Today tall palm trees flank wide stone steps that lead to the door of the majestic Cathedral that King Roger ordered to be built. The front of the Cathedral is like a scene set for a Verdi opera, a spectacular theatrical entrance created long before Verdi was born. In front of the door there is a wide terrace called a “turniali”, and the guide books say that space was once used as a cemetery. The guide books also say the cemetery was created from soil brought from Jerusalem which contained a substance that caused the rapid mummification of corpses. Is it another legend? No idea. All I know is my feel feet funny when I stand on it, but then again it could just be my imagination.
In front of a nearby café-bakery a group of tourists are milling around the outdoor tables trying to decide whether or not they want to sit down. They’re not quite sure where they are or why they are here, but they like it. Sicily is a tough tour they tell me, too much history, too many curlicued buildings, too many crumbling sites; it all kind of runs together after a while. And everything is too baroquely complicated. Even the food. Yesterday they were served an eggplant, olive, caper and celery salad and pasta with sardines and ferny green things. It’s not like any Italian food they have ever seen before. And don’t I think the ricotta stuffed, chocolate dipped pistachio sprinkled cherry topped puffy pastries in the café are a bit much?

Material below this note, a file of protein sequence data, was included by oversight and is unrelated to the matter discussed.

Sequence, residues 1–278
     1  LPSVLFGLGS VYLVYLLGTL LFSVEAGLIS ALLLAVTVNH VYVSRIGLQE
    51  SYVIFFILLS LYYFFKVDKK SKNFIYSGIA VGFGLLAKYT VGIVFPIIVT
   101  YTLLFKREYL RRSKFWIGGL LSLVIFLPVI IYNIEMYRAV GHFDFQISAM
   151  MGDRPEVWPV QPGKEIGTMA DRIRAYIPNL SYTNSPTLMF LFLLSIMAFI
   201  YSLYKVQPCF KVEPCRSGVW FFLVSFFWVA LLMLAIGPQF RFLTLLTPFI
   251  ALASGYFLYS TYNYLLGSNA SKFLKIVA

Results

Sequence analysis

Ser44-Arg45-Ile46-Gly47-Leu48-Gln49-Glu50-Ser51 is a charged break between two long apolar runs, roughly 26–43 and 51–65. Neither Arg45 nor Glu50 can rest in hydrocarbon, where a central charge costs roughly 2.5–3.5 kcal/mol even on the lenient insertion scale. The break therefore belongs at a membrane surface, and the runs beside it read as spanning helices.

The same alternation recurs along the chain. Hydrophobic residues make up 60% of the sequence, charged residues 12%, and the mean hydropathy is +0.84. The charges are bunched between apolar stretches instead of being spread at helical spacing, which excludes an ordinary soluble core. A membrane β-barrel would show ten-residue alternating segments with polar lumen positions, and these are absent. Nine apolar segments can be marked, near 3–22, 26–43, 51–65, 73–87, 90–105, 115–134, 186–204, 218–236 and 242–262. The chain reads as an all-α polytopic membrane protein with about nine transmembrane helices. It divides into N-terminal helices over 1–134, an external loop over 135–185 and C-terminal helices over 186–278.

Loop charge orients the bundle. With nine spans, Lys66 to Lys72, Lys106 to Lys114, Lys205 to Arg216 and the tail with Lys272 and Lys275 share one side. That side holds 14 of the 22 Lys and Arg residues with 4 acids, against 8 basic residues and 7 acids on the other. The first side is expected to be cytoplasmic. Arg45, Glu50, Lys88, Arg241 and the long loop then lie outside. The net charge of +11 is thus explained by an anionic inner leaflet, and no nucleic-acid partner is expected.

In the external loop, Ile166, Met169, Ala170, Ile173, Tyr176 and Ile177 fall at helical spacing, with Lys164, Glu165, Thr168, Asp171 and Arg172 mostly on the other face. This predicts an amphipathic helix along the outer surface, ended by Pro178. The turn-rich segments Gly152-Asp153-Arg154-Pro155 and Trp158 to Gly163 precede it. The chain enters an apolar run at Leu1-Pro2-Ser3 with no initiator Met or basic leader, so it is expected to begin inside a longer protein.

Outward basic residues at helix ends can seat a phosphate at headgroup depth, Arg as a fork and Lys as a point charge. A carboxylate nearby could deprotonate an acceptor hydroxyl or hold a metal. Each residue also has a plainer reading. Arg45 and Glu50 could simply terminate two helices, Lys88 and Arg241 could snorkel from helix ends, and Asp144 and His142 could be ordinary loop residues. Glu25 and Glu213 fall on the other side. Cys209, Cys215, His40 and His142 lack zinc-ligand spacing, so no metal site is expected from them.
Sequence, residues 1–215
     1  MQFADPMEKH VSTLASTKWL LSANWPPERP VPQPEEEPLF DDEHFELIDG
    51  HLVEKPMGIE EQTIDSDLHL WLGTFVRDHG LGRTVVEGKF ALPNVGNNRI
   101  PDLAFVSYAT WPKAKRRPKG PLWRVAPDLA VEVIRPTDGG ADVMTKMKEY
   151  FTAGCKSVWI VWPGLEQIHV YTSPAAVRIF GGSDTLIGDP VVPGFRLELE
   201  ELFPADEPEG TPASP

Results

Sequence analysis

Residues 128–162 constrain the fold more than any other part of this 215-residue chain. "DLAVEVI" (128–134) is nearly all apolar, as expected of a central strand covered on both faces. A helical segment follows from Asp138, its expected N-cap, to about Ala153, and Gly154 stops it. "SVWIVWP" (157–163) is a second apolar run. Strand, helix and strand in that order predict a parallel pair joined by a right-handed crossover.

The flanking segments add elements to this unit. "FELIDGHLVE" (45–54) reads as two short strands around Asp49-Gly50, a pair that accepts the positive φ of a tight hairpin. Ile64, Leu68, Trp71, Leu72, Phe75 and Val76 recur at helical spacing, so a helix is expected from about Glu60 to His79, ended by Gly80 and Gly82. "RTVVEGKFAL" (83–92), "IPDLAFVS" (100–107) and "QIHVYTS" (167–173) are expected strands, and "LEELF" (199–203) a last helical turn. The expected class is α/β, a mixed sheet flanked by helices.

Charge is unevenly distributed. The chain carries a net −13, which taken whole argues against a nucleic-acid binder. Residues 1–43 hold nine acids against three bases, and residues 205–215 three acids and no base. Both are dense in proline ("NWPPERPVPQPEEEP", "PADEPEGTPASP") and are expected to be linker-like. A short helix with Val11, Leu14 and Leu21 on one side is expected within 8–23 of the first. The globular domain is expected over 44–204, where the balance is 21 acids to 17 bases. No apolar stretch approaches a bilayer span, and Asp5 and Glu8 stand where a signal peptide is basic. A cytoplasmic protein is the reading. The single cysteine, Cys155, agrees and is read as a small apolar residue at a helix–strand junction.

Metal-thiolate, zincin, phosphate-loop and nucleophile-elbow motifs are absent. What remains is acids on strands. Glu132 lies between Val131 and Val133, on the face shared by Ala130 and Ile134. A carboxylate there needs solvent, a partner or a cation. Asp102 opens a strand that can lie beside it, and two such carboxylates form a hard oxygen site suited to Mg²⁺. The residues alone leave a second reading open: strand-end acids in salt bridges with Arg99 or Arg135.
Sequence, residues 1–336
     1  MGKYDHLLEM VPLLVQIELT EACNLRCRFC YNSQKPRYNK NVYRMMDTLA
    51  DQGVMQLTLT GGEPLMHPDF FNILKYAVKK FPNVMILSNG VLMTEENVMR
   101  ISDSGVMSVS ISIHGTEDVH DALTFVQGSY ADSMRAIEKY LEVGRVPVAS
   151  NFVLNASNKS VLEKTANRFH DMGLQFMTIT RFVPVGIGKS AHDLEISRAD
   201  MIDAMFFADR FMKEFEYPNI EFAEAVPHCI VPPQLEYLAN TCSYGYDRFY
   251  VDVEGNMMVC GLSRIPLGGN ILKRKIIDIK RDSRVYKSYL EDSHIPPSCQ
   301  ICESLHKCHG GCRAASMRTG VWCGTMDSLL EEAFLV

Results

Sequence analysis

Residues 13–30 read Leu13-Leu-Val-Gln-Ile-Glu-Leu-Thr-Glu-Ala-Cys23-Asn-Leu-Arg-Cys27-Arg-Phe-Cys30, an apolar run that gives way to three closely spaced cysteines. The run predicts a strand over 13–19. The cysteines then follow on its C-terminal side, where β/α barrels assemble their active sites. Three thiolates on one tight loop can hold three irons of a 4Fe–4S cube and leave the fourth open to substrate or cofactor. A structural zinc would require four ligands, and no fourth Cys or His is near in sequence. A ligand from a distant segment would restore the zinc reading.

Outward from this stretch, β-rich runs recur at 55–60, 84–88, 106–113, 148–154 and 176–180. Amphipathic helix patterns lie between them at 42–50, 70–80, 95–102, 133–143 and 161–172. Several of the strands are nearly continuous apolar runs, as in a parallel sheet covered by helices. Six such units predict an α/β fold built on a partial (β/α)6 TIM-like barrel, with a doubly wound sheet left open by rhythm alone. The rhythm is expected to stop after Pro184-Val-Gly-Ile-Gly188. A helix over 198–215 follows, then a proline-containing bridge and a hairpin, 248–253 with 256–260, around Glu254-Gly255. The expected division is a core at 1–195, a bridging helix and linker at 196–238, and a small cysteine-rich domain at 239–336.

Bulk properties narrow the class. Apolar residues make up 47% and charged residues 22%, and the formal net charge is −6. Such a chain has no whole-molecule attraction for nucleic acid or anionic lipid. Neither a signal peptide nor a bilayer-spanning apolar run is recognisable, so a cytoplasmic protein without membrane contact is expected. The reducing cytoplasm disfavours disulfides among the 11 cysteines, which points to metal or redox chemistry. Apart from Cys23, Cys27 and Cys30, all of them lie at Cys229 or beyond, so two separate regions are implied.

Then they spot a young guy dressed in well worn jeans and a baseball cap, leaning against a crumbling wall selling freshly caught squid from a small wooden box strapped to the back of his motor bike. With a hand rolled cigarette clamped between his thin lips he looks like he’s auditioning for a Fellini movie.